Sunday, June 21, 2009

GOP nearing brink of generation gap - JSOnline

GOP nearing brink of generation gap - JSOnline

This is a good treatment of the partisan generation gap, including comment from Wisconsin's Rep. Paul Ryan.

What factors make it difficult for Republicans to appeal to 18-30 year olds?

Does Obama's success with that group mean that a generation has now been permanently won over to the Democratic party or can this change? FYI: Ronald Reagan won the youth vote very strongly. Young voters don't always go to the Dem or liberal side-- historically they go with whichever party is ascendent at the time. Does then mean the current pessimism about Republican chances with the young is overstated?


  1. I cannot speak for my entire generation, but it seems that the ideals valued by 18-30 year olds align much more closely with the Democratic Party than with the GOP. When it comes to social issues, the Republicans really seem to clash with under-30 crowd, especially regarding gay marriage and reproductive rights.

    What's the old quote - "If you're not a liberal when you're 25, you have no heart. If you're not a conservative by the time you're 35, you have no brain."

    -Eric Maloney

  2. I have many friends (who fall into the 18-30 age group) who are aligned with the Republican Party. They tend to find themselves conservative mostly in the issue areas dealing with spending & money. This seems to be the main approach my Representative's office is taking currently as well-appealing to the younger generations by talking about how much money they and their future kids will be paying back after all the deficit spending. This is one strategy the Republican Party could use in order to gain more of a foothold with the younger generations.

  3. While I agree on what Mallory said, I think that many people in this age group are still concerned deeply with social issues. It is true that no one wants to have debts to pay, many when they are young are more concerned with issues of equal rights. In an earlier post, I spoke of Senator McCain's daughter who stressed that the GOP needs to be more socially liberal and shy away from things such as abstinence only education. I agree with this completely and I think that a move in this direction could be a big step for the GOP.

    - Luke D

  4. I think the most obvious cause for this shift, and it is touched on a bit in the article, is the increasingly secular manner in which children are being raised in this country. How many college students regularly practice their faith at a religious institution? Perhaps this is just from my own experience, but since I have been in college I have gone from an every Sunday Church goer, to very sparse visits throughout the year with maybe only 1 or 2 visits being on a regular weekend and in Madison. On a different note, when you examine certain trends and normalizations that are occurring in our society at this point in time you can see a few possible causes for this ideological shift. With all the rapid technological changes and increased exposure to all different types of media, how can the party of the "status quo," as it is often referred, adapt itself to a society in which that "status quo," is rapidly evolving. I still don't fully understand why people choose to align themselves solely to one party in the first place, because in my estimation you have thus forfeited your right to choice, and this is not the purpose of the party system. I will step off of my soapbox now and conclude by saying that the conservatives should have plenty of options with which to appeal to the younger audience, but many of these options are dependent upon the success (or lack thereof) the Obama administration. I believe that the pessimism is indeed overstated, and just as the youth were quickly taken up by the Obama campaign, they can just as quickly be swayed in the opposite direction depending on what events are transpiring and which issues rise to the forefront of public interest.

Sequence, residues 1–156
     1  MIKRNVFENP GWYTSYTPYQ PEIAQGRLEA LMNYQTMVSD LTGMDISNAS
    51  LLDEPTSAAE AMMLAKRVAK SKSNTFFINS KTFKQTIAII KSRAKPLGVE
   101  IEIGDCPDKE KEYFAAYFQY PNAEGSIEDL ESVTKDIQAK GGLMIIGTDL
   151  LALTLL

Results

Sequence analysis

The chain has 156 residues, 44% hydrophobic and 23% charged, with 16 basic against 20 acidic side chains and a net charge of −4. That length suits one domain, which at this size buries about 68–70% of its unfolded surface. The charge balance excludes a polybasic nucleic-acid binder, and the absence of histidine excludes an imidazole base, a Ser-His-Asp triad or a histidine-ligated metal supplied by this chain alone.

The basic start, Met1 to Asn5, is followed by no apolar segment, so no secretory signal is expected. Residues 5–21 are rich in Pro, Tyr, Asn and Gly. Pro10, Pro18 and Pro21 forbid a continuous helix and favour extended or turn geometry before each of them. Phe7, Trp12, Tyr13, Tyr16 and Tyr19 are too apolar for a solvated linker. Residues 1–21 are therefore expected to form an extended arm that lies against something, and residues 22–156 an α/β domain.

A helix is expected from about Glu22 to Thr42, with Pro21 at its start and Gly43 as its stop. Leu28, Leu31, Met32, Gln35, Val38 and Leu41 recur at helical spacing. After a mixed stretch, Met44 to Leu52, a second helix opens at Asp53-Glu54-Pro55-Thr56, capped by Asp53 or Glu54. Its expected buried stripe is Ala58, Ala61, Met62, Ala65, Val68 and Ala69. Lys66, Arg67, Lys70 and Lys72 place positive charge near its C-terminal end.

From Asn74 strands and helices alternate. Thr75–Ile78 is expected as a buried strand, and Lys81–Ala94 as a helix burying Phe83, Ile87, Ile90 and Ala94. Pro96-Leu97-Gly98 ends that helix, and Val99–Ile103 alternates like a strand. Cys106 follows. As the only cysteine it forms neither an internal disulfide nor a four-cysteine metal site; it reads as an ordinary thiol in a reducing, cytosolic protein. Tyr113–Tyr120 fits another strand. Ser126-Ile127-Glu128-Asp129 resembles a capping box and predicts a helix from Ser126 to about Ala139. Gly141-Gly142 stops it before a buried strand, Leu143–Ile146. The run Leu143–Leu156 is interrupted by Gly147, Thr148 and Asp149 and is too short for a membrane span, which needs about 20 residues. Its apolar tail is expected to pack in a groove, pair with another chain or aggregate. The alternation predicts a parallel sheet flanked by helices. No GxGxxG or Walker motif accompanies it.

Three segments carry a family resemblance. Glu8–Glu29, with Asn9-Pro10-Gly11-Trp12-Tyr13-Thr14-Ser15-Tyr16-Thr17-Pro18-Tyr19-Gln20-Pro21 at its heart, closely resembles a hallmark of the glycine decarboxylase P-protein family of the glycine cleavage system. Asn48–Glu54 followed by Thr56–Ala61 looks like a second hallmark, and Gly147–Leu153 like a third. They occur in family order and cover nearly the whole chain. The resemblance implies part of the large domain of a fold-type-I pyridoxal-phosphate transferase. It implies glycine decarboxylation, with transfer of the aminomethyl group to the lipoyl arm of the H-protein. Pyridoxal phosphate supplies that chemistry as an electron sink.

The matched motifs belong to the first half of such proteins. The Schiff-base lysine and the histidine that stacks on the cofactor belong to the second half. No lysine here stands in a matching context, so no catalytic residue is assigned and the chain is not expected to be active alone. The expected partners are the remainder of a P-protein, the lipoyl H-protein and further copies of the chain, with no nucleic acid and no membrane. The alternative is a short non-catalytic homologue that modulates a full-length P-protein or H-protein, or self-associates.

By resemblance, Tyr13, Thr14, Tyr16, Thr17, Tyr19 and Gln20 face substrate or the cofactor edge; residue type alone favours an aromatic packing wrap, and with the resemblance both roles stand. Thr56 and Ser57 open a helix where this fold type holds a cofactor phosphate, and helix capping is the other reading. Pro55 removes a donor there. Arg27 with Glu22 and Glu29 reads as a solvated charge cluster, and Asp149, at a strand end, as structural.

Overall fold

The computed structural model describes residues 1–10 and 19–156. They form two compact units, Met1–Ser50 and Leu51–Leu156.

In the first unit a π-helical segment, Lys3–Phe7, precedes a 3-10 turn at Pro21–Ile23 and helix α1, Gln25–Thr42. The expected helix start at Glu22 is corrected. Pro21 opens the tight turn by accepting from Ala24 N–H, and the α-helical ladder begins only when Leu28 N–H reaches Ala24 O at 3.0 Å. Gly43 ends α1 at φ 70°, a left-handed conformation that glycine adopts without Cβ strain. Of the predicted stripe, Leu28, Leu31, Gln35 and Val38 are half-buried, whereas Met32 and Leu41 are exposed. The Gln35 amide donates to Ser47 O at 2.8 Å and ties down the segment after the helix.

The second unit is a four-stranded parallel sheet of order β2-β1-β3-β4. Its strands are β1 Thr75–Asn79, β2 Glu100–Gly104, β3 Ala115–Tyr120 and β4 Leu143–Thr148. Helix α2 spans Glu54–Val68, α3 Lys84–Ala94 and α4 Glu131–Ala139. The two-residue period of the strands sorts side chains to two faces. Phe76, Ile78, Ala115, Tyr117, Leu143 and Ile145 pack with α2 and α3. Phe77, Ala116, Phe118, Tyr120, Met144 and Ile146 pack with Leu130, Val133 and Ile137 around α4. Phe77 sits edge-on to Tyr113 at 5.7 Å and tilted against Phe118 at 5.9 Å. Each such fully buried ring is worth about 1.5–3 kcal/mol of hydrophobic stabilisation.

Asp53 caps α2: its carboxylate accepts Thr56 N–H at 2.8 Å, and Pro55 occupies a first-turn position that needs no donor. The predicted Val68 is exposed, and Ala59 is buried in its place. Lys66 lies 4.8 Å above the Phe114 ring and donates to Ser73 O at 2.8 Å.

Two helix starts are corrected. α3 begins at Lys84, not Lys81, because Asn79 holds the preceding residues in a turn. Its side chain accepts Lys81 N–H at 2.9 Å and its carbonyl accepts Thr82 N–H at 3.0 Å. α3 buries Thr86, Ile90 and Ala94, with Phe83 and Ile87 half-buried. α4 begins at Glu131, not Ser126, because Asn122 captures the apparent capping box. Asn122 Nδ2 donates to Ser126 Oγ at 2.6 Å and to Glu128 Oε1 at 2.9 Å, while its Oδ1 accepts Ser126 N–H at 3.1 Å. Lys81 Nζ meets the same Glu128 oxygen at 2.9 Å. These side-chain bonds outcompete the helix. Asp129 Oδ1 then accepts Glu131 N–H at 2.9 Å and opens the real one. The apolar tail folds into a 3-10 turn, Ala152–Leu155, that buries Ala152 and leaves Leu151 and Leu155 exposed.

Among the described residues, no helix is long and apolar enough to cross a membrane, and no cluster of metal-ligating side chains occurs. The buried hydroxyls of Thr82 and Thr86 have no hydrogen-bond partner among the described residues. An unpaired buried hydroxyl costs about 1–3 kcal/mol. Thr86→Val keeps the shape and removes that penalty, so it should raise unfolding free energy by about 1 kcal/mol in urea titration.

5. As mentioned above, I too agree that currently, from my experience, the ideals of the 18-30year voter range mor closely align with the Democratic party. I believe that, again, in my opinion, my generation is less concerned with party labels and more concerned with how our constituent concerns are being addressed. I think that there is something to be said about the above comments regarding financial issues, such as spending, and what Mallory suggested about her friends and the reasons why they classify themselves as more conservative. However, I agree more strongly with one of the above comments as well regarding our generation's concern with equal rights. I think that our generation has "tried to" bridge the gap, again this is my opinion, between different ethnic/racial/religious backgrounds. I think that we as a generation are trying to overcome the ideas that may have in the past placed any group, whether concerning gender/race/etc..., above the other, and these concerns of moving into a more "equal" society has been more addressed by the Democratic party. These issues/stances when electing officials also tend to stand at the forefront of many campaigns. For example, in the last presidential election when the two front-runners for the Democratic party were both a female and an African American man, two groups typically under-represented in the past in elected offices at this high level. Is the GOP lost forever? No. But I think that with the current 18-30 year-olds of this generation, it is inevitable that the party will have to re-vamp its policies, and officials for that matter, in order to attract this up-and-coming generation.